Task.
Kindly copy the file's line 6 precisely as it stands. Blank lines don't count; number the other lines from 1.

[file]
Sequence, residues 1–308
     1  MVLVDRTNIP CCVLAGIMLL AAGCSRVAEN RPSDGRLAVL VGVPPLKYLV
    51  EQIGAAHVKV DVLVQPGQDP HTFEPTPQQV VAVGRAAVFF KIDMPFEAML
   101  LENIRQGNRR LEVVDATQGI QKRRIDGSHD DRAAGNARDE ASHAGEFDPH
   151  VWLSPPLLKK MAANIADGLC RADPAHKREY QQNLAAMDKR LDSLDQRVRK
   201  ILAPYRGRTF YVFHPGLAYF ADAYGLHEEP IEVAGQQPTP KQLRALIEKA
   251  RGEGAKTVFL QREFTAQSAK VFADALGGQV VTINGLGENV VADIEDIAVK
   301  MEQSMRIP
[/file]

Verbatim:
   201  ILAPYRGRTF YVFHPGLAYF ADAYGLHEEP IEVAGQQPTP KQLRALIEKA